I gave up a lifetime supply of neutrons.

Hang up the labcoat, relax and chat about anything
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Geoff
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I gave up a lifetime supply of neutrons.

Post by Geoff » 18 Jun 2015, 16:35

In a mix of sadness and excitement I resigned from my position as Lead Technician, Mechanical Tech level 3, Radiation Safety Officer and Radiation Maintenance Specialist level 2.

From here I will be pursuing a Bachelor of Science in Geological Sciences degree from the University of Alaska, Anchorage. I am excited to start down the path to something I am truly passionate about. In all honesty, I’ll probably end up back in the oilfield upon completion of my degree.

My last day is the 24th. As such, I've taken to bending some rules and using a particle accelerator to activate random items. You can look forward to a great many odd spectra in the near future. Including W185 and 187, Zn65, Cu66 and maybe 64. Possibly Be10. Who knows what else. I have about a week before I have to make an RaBe neutron source if I want to activate stuff. Oh! I also irradiated a sizable chunk of uranpyrochlore for nearly 12 hours. Really excited to see what comes of it.
Geoff Van Horn

Anchorage and Deadhorse Alaska

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Steven Sesselmann
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Re: I gave up a lifetime supply of neutrons.

Post by Steven Sesselmann » 18 Jun 2015, 21:06

Geoff,

I commend you on your decision to give up what I imagine is a well paid job, to pursue a science degree. It must have been a tough decision, but following your dream is always the right one. Best of luck and let us know how you go.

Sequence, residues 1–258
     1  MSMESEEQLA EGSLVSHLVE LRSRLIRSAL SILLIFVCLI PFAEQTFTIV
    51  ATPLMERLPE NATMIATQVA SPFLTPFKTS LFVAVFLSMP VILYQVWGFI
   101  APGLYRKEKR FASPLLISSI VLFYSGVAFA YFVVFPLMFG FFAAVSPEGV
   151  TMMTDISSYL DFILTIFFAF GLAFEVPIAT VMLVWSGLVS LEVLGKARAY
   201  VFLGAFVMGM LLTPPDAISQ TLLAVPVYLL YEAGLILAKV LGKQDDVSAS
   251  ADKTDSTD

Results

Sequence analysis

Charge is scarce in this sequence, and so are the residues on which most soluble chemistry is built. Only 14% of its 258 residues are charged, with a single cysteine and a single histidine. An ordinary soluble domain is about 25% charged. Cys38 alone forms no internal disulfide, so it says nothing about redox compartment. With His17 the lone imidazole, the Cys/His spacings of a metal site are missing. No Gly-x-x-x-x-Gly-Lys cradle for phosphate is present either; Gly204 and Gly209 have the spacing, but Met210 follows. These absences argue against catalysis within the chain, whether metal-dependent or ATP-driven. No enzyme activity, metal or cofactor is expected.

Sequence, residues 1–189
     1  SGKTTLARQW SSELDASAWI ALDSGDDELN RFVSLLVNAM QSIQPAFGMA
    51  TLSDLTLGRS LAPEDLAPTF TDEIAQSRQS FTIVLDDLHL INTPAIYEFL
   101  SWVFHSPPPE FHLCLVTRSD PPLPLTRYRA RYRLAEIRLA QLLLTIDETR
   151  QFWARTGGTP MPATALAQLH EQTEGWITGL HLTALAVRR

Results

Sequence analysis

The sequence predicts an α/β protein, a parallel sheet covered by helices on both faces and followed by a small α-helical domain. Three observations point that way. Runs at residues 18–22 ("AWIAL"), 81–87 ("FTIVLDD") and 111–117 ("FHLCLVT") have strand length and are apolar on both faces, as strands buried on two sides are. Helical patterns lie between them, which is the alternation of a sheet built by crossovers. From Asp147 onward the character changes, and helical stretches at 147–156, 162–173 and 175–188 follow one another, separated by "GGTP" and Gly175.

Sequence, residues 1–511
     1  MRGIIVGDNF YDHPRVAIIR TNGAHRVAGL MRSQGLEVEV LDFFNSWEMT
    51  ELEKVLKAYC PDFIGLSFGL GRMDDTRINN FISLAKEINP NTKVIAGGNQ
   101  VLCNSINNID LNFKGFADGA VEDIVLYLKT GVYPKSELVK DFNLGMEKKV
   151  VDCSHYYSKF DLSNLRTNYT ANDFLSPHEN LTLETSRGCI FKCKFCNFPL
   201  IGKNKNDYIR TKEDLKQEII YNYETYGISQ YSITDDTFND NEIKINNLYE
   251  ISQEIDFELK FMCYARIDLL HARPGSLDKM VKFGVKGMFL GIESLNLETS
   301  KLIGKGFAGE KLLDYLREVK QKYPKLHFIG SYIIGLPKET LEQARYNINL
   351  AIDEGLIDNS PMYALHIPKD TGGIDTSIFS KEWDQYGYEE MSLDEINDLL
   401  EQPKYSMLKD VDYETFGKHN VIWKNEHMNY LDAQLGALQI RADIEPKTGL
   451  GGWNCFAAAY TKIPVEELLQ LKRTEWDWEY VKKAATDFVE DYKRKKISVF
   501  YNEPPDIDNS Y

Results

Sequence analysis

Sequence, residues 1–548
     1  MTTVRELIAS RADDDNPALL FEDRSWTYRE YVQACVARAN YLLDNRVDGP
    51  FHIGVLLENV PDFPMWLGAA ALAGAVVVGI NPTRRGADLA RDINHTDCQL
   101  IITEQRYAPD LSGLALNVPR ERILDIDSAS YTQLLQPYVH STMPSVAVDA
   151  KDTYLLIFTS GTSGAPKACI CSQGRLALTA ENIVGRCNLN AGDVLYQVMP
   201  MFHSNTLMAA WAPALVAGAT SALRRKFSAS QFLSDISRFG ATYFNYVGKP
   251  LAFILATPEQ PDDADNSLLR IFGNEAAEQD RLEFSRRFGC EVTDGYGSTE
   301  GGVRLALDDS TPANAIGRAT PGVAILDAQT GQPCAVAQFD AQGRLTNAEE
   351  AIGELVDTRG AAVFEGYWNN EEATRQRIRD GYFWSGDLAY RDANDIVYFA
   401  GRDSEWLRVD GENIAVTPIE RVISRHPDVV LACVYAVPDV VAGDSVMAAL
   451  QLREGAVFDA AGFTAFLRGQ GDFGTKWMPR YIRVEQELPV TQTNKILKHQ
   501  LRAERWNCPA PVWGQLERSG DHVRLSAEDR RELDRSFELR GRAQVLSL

Steven Sesselmann | Sydney | Australia | gammaspectacular.com | groundpotential.org | rephopper.com | beejewel.com.au |

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Steve Dubyk
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Re: I gave up a lifetime supply of neutrons.

Post by Steve Dubyk » 21 Jun 2015, 08:13

Geoff, that is truly a big decision, but I suspect you will enjoy your path forward. I have never regretted getting my degree in geology, even though at this point in my career I don't use it on the job much. I work and hike with other geologists, and our weekend fieldwork has been a real blast, introducing us to areas that we have selected for mineral collecting, and areas that not a whole lot of folks get to visit.

If you don't have it already, I would recommend getting the latest version of Roadside Geology of Alaska; I have the '86 version and have read it a couple of times. One thing I know you will enjoy are the field trips, going out to where the rocks live! Good luck with your endeavor!

Steve Dubyk

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